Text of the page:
Similarly, and this is of course closely connected to the second objective, much of our work around digital accessibility is about ensuring that it becomes a key consideration in our day to day practices, this includes work by the Digital Education Management Board and IT Services to measure the extent that digital systems/tools meet relevant standards and to embed expectations around these standards as part of procurement considerations; working with colleagues across the organisation to raise awareness of accessibility for video production and ensuring that all of this is reflected appropriately in the digital education plan.
- 4. Provide a clear pathway of equitable support for disabled students
Objective 4: Provide a clear pathway of equitable support for disabled students, including postgraduate research students
Under this objective, we will map the whole disabled student journey, from pre-application through to employment and beyond, this includes many of the improvements that have already been covered, but also actions such as disabled student specific careers and employability provision.
We are also committed to increase staff awareness and comprehensive uptake of Learning Support Plans, and are conducting a review of the creation and dissemination of plans to inform this work. Of course much of this work also is about better access to important resources and information and we are developing an online hub to ensure that finding and accessing information is easy and consistent across the organisation.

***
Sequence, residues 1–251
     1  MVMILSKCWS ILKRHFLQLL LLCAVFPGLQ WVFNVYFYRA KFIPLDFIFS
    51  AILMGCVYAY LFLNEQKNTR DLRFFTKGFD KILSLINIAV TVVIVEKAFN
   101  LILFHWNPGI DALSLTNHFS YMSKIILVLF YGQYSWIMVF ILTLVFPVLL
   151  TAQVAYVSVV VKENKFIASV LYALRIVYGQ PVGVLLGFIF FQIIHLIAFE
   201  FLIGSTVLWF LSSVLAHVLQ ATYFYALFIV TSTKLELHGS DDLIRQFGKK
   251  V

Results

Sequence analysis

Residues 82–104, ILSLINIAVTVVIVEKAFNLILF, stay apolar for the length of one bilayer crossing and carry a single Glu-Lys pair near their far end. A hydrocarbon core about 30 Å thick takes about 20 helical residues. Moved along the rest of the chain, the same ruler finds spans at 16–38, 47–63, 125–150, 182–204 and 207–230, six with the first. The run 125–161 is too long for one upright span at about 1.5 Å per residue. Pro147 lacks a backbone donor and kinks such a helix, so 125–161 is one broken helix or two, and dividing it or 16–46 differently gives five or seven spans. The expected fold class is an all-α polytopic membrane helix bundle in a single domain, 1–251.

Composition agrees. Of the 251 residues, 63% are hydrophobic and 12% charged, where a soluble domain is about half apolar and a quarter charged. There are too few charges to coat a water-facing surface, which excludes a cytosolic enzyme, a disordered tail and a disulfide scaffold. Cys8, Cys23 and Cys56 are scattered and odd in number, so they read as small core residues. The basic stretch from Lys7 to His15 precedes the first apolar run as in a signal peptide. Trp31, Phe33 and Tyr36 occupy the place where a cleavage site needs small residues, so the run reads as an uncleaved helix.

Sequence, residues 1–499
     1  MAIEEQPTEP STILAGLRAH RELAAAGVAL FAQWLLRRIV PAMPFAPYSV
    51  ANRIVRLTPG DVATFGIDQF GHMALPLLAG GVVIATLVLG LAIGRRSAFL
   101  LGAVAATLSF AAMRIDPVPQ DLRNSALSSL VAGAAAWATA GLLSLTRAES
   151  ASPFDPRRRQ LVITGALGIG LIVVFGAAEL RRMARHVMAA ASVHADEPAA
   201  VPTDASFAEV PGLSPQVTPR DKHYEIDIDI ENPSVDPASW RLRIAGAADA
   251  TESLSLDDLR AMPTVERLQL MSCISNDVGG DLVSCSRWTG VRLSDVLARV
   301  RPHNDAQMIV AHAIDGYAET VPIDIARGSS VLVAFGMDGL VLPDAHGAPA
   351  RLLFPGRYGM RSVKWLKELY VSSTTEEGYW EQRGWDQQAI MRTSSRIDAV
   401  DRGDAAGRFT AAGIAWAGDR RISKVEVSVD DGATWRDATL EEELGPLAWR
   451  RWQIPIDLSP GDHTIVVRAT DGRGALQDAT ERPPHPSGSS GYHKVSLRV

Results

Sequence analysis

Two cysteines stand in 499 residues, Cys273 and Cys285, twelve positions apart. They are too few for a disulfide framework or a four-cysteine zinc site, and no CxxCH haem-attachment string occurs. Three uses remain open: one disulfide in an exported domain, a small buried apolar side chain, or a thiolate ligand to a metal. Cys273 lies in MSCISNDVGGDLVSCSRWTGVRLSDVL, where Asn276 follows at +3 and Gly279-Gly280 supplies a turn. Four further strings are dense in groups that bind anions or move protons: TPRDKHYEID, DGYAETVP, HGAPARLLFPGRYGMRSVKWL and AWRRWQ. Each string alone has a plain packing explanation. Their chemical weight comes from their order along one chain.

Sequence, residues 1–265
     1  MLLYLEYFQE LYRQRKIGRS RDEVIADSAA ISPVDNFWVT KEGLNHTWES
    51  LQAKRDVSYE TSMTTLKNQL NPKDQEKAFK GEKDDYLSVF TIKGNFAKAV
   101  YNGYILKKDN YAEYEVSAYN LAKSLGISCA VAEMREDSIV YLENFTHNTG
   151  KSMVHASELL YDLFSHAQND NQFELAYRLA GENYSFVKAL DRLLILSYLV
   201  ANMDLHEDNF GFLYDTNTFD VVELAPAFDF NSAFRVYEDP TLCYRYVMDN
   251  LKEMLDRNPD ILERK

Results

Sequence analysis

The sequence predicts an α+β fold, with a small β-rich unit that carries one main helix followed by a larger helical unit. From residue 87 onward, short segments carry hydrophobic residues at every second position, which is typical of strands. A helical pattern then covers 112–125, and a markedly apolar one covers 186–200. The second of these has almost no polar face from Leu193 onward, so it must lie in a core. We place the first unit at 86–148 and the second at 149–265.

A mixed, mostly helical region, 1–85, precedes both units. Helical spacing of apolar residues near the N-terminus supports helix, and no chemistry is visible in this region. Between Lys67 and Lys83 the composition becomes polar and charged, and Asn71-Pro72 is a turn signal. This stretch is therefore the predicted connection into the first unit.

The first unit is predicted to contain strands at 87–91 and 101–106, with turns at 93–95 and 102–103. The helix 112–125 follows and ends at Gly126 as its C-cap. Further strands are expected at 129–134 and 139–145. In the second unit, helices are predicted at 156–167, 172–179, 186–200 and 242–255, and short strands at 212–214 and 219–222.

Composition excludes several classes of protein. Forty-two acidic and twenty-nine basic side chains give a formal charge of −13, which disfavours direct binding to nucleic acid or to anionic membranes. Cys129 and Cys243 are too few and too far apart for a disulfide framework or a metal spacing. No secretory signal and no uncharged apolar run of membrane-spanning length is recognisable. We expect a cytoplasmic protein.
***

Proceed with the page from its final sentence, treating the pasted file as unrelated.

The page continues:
We also know that student life is about the full experience and are looking at how we can better support sports clubs and other student activity groups to aid inclusion and enable disabled students to access these activities more easily.
- 5. Attract and retain disabled staff
Objective 5: Attract and retain disabled staff, supporting their personal development and career progression
Through improving the experience of our disabled community and creating a more inclusive environment for everyone; we hope to become a more attractive choice for disabled students and staff. This work includes commitments to achieve Level 3: Disability Confident Leader Status and will help us to recruit, retain and develop our disabled staff free of barriers and bias. Work is also underway to improve our approach to reasonable adjustments processes, ensuring they are fair, equitable and consistent and that specialist support is accessible to inform this work.
I’m pleased that the Disability Staff Network has been able to take such an active role in feeding the views and experiences of staff into the Action Plan. It’s vital that disabled people continue to be at the heart of this work and although there is a long way to go, I am confident that we will make progress in the coming months and years if we continue to work positively together towards change.
Dominic McHugh, Chair of Disability Staff Network